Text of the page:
Film-induced tourism, intended as travelling to places where films and TV series have been shot or set, has been extensively studied in the last two decades in several disciplinary fields. For example, the term ‘media pilgrimage’ emerged in media sociology to highlight the sacred dimension these practices may assume, while fan studies have focused on the narrative of affection built upon specific places. Calling forth the relationship between film and landscape, these phenomena have been also explored in the light of film semiotics and media geography.
In the past decade, the representation of landscape and the construction of the sense of place in animation benefited from increased scholarly attention; however, the links between tourism and animation still appear under-explored. Japanese animation, because of its prominent use of real locations as the basis for the building of its worlds and the tendency of its fanbases to take action (even in the form of animation-oriented tourism), is an especially promising field, in this respect. In the last fifteen years, a debate on ‘content(s) tourism’ has involved the Japanese government as well as academic scholarship, referring to a wide variety of contents, from novels to films and TV series, anime, manga, and games.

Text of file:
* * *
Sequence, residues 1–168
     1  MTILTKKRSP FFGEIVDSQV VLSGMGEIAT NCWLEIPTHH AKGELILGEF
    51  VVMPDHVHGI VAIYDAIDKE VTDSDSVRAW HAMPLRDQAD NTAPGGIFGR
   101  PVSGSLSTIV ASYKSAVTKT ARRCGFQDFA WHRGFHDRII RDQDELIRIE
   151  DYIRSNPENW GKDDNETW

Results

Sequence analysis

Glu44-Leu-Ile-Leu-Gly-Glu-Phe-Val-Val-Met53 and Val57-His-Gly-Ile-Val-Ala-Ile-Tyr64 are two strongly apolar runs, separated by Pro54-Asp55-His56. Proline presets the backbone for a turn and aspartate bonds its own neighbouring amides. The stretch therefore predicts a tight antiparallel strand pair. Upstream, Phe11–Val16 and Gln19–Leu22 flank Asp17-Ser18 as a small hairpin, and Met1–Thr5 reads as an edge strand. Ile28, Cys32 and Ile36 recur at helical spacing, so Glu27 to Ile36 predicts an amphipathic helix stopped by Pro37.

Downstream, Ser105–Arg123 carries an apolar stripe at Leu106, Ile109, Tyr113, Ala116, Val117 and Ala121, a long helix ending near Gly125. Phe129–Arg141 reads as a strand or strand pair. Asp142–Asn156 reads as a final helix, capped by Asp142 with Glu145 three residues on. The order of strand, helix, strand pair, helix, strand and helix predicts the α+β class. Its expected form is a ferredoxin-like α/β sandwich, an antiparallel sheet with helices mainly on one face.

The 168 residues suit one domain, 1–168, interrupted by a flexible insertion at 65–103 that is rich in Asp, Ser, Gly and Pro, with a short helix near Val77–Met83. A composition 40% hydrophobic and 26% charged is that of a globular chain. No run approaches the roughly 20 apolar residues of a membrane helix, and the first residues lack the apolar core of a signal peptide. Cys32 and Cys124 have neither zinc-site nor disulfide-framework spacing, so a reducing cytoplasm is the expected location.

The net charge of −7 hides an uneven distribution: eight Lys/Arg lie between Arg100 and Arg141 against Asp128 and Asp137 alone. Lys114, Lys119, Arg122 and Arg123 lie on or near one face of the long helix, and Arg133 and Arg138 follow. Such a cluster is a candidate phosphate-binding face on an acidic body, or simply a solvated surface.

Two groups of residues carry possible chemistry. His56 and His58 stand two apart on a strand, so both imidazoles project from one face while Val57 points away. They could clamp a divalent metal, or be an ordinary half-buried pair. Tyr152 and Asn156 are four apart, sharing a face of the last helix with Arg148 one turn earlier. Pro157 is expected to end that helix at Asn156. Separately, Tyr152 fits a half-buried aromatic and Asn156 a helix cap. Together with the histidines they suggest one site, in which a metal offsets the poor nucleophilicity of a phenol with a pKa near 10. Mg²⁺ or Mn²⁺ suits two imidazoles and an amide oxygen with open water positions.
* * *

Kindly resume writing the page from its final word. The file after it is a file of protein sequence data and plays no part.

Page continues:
The article presents a case study: a discussion of the experience of anime tourists who visited the Italian locations featured in the films by the world-famous animator and director Miyazaki Hayao, especially in Castle in the Sky (1986) and Porco Rosso (1992). The experiences of anime tourists were collected from images and texts shared through the social network Twitter.
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Copyright (c) 2022 Giulia Lavarone, Marco Bellano